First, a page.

"Leaving your troubles outside" for an evening while the world burns always has appeal.So does some of the best music and dance in show biz.It creates them using overhead projectors, paper cutouts, transparencies and agile actor/puppeteers, who sometimes step in to replace their 2D counterparts on the screen.In Ada/Ava, an eerie meditation on death and duality, live musicians accompany the otherwise wordless tale of a septuagenarian mourning the twin with whom she spent her life.
Amiri is a lifelong student of the instrument and, since moving to Canada in the mid-1990s, has sought ways to broaden his understanding of the language of global rhythms."To me, the entire experience is the same for audience and performer," he says."The performer will present something to the best of their ability, and the audience will be open to it." Personally, he notes, "I like performance that takes you by surprise — it becomes more meta, almost spiritual." Hope Sullivan has only just arrived in Vermont as the new executive director of the Spruce Peak Performing Arts Center in Stowe, and so the current season represents the vision of retiring director Lance Olson.— Jordan Adams Broadway stalwart Cabaret is one of the last shows in the Flynn's 2017-18 season.But it's a safe bet this musical set in 1931 Germany, during the rise of Nazism, will still feel quite timely given current retrograde trends in the U. Besides, the show — based on a novel by Christopher Isherwood — hasn't waned in popularity, through good times and bad, since its first performance in 1966.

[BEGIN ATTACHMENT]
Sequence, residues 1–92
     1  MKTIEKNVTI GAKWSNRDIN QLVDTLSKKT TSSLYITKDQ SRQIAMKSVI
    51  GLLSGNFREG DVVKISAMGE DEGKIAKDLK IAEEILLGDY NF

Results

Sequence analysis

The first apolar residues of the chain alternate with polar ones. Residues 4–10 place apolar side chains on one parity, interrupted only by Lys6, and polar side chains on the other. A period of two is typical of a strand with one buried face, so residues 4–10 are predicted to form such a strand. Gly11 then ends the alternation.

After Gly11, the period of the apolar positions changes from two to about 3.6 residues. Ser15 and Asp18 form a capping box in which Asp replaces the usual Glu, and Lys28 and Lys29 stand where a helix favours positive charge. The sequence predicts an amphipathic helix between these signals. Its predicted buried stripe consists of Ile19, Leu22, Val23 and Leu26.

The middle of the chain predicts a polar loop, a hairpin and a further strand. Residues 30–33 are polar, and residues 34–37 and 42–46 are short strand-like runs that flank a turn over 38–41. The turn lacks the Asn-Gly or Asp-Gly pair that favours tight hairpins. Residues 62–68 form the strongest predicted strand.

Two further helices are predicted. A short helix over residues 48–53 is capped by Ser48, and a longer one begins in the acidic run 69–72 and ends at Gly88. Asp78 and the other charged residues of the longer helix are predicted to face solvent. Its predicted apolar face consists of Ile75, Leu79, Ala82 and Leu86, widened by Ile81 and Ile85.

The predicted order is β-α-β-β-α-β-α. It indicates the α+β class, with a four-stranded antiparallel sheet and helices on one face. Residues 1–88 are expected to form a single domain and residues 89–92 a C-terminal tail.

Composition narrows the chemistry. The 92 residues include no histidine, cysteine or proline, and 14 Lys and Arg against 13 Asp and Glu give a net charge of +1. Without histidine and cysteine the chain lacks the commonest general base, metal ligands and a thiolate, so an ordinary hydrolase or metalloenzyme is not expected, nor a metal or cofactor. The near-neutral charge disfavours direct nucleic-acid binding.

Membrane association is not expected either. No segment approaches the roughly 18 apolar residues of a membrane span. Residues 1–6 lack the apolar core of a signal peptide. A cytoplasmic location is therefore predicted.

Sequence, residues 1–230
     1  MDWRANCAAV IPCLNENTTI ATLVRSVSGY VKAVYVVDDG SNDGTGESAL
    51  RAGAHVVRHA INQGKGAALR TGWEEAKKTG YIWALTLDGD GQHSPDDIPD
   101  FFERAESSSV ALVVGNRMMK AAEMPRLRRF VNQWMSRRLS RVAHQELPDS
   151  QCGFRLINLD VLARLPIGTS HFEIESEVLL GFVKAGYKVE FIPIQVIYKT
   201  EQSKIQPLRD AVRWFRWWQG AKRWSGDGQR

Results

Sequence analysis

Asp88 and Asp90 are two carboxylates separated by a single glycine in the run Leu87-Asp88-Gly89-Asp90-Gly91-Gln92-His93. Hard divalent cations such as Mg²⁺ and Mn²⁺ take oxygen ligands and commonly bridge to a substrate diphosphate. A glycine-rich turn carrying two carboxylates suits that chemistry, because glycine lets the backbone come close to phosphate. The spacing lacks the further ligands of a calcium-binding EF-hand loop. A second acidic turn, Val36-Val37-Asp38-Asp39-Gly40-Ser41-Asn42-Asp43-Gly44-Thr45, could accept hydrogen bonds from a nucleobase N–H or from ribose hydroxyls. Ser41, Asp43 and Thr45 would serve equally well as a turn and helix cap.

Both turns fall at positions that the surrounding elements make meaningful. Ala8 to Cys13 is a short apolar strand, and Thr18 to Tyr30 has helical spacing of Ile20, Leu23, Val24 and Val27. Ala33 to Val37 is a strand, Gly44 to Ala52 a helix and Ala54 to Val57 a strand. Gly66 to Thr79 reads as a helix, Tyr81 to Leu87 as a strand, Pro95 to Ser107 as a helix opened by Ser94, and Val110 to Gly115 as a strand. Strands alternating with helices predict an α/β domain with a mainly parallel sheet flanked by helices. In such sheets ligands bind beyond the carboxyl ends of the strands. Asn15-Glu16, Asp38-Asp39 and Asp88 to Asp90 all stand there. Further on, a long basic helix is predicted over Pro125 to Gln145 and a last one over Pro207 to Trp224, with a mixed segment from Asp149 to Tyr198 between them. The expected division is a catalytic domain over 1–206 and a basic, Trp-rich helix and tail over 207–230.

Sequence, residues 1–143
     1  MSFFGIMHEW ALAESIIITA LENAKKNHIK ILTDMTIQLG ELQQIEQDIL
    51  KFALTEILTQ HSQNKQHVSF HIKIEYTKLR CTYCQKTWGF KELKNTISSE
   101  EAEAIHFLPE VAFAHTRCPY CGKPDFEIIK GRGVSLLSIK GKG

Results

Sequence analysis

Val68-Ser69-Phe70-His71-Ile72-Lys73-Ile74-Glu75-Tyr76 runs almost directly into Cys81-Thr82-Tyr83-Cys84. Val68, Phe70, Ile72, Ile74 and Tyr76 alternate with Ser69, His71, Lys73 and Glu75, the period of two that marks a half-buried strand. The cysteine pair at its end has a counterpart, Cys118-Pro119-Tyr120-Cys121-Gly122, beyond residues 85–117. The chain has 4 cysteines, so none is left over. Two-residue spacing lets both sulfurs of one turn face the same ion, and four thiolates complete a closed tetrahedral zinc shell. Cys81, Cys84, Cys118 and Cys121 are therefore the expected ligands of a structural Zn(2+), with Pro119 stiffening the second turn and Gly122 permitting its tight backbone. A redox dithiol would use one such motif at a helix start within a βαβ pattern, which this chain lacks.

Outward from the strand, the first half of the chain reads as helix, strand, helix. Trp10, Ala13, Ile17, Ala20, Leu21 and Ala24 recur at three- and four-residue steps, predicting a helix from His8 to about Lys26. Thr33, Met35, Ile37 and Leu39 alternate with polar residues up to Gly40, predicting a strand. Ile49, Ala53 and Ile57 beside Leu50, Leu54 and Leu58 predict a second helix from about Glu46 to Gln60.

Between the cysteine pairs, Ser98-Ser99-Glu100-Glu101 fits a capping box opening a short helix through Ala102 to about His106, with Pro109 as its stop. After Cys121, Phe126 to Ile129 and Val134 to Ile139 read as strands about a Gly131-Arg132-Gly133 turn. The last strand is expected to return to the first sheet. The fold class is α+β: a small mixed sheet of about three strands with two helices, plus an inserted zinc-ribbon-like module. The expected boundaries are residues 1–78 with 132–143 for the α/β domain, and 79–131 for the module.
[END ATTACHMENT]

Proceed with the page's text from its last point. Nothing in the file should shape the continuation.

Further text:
Simply spending a couple of hours lost in music or laughing at funny people is more than all right. But can live performance really help us all get along?